My advice to you on whether to keep writing til the end, or stop and revise what you already have: I don't think there is a right or wrong choice, but I personally wish I had stopped once I realized my manuscript was getting too long, and started my revisions then. It is very painful to cut entire passages, chapters, and sub-plots that I had worked on for weeks.

    Hope my answer helps you!

  2. I'm also on my first try, so I can't give you GOOD advice. I will give you an opinion, instead. I think you should write the ending first, and then revise the whole thing. Your final word count will give you a rough idea of how much you should cut to get down to 80,000 or whatever you think is the best word count for your genre.

    I know I have bits I should cut, probably bits I should add and bits I should rewrite. The Yousuck Monster sat on my back today as I looked through some scenes I'd written earlier but now hate. But I don't intend to do ANY revision till I've written THE END on the first draft, because I know that if I stop to revise I'll get all tangled up. And I can always rewrite big chunks of the thing later. One thing I think is a good idea is to save a copy of the first draft and work on a separate copy for the revisions, so that you can always go back if you realize you threw out a good idea with the bathwater.

  3. Jaycee and Jane, thank you both so much!

    Jaycee, cutting half of your manuscript sounds so tough, but you're almost there! How long has it taken you so far, if you don't mind my asking?

    Jane, the Yousuck Monster lives in my pocket, in case you were wondering. Anytime there's a spare moment, even just five seconds, he pops his head out to tell me how awful everything is that I write! Argh. I totally agree about saving a copy of the first draft and working on a separate one--a great idea!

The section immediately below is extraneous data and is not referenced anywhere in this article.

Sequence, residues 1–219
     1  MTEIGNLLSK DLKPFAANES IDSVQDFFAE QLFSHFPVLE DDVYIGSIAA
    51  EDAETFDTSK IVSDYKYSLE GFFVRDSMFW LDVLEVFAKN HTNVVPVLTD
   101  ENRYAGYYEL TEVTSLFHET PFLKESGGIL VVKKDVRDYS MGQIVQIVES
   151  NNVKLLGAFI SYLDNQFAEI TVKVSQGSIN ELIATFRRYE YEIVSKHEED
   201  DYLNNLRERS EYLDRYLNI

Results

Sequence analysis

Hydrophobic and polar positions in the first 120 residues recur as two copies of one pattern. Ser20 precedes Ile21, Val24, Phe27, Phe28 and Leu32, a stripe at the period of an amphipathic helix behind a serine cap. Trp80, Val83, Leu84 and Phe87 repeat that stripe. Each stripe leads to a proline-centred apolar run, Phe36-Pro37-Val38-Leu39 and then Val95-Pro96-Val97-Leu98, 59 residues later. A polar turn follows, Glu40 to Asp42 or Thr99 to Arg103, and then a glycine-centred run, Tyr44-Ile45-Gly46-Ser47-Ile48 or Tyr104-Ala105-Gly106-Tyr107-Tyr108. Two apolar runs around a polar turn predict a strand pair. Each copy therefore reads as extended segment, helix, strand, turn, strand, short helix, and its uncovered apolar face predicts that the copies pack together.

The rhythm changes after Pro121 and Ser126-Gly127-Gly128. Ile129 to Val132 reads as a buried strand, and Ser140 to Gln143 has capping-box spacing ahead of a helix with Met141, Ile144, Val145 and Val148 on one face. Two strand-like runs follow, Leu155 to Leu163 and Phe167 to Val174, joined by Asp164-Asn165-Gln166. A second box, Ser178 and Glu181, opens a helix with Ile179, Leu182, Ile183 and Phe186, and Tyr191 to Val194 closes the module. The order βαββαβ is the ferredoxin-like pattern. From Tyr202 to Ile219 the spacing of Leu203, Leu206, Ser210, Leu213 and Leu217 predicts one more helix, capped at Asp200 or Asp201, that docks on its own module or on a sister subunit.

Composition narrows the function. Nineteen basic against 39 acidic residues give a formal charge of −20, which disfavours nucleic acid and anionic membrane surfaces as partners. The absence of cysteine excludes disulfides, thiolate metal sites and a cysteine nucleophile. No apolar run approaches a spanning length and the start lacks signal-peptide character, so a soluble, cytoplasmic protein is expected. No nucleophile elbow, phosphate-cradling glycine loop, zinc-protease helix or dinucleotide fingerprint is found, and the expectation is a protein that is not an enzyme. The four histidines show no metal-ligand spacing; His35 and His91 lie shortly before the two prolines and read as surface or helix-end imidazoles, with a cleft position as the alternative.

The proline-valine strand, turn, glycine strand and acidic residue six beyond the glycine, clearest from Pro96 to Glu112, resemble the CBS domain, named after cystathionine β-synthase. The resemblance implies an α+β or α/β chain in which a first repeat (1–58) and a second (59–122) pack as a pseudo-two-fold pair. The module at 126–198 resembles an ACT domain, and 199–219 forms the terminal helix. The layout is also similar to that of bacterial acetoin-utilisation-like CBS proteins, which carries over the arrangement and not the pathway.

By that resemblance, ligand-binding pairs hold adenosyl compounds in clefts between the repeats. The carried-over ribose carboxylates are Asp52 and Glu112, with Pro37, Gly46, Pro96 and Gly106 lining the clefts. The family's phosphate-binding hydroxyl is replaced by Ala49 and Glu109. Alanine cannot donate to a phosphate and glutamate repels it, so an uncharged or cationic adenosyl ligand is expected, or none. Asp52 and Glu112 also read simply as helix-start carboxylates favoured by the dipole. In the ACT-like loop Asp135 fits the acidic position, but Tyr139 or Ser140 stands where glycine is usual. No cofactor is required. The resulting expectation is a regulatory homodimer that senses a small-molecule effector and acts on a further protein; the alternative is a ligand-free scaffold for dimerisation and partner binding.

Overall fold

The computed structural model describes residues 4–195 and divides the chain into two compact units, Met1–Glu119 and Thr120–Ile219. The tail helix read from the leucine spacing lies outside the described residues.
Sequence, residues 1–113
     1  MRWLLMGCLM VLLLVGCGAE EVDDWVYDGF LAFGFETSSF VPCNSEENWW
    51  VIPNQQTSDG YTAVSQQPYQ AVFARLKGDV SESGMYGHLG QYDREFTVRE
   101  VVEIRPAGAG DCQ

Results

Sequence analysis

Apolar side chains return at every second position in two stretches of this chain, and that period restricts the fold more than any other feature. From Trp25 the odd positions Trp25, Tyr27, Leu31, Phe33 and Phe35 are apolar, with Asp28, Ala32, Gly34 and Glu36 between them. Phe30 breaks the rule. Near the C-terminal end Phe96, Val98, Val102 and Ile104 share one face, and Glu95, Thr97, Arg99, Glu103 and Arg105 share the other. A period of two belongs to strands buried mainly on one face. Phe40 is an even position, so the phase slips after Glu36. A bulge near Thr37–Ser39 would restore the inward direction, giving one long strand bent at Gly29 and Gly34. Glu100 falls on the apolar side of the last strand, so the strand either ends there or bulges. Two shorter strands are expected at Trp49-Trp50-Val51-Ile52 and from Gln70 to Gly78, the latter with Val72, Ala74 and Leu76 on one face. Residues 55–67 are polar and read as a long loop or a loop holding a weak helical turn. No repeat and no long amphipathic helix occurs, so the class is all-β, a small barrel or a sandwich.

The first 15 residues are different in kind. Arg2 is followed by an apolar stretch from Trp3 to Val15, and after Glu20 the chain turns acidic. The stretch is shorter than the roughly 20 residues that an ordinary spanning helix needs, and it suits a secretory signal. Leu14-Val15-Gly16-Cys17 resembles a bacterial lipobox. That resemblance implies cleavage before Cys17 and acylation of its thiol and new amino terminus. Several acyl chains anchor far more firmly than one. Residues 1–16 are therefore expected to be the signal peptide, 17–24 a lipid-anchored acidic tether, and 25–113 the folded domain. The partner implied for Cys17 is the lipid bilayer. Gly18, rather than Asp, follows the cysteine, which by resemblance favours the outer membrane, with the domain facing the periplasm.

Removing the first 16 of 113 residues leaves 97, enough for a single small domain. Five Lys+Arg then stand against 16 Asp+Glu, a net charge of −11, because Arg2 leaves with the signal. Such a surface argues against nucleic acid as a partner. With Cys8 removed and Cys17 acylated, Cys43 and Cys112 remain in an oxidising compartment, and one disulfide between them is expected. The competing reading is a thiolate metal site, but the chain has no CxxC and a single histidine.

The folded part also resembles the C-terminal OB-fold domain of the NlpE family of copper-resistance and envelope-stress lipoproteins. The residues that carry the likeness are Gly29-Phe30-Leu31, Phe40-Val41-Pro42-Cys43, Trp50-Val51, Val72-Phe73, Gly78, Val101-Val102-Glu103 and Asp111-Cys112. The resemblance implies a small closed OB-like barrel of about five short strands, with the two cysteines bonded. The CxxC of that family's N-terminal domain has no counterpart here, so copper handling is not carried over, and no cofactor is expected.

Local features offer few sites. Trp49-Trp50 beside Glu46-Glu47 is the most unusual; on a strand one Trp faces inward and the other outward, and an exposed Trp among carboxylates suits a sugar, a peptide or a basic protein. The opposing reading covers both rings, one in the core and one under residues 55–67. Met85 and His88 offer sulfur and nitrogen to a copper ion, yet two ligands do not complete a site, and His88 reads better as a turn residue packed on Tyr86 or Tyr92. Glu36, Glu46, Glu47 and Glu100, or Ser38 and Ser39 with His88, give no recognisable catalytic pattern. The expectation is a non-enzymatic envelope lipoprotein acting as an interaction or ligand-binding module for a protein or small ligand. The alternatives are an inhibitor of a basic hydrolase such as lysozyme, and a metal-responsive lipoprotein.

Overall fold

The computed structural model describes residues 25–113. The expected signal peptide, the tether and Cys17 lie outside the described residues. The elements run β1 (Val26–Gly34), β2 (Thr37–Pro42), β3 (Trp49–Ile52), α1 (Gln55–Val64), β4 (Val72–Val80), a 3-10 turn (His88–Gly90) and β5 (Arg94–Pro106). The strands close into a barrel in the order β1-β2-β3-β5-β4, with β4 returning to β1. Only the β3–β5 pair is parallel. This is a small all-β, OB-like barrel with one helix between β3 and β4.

4. I have to agree with both of the prior comments about editing and revising.

    My YA book had 86k words and after editing it ended up with 80,500.

    I always have rough outlines for my novels but I don't always conform to them. Just remember to keep it within industry standard and you should be okay.

    Also, I would advise finishing the first draft and then cutting/editing. The suggestion to save the first draft and then create a copy to begin editing is a sound one. that's what i do. in fact i number each draft rewrite. One of my books got up to nine drafts but it was worth it.

  5. I write...then edit, but I agree with Jaycee, there is no right or wrong way. You have to do what feels right for you.

  6. I also agree with Jane (Hi, Jane- nice to see you here!). Part of the reason I did not stop was because I was afraid I'd get all tangled up.
    I also wanted to give life to all those scenes in my head. But cutting some of those scenes later is one of the most painful things I've ever had to do. I -literally- was nauseated for three days when I realized how much I'd have to cut. I almost gave up.

    I've been working on slashing my word count for about three weeks now. I am attending a writers' conference in a couple of weeks and my goal is to finish by then, so when I have those pitch meetings with agents and editors, I can tell them I have a 90K manuscript.

    The process is forcing me to look at each sub-plot, chapter, scene, passage, and word, and ask if it moves the story forward. Most of the scenes and sub-plots I cut were fun, but did not move the story ahead. I made myself feel better by planning to add those deleted scenes to my future web site as a bonus for my future readers.

    I admit that this process has made my writing more concise, the pacing faster, and my story much stronger.

    I also keep copies of every draft and everything I cut.

  7. Thank you so much, everyone! I guess I'll suck it up and try to just finish the whole book first before revising. So far today I've sat at my computer for an hour and only managed to write a paragraph... so the going is tough... but I will push through it!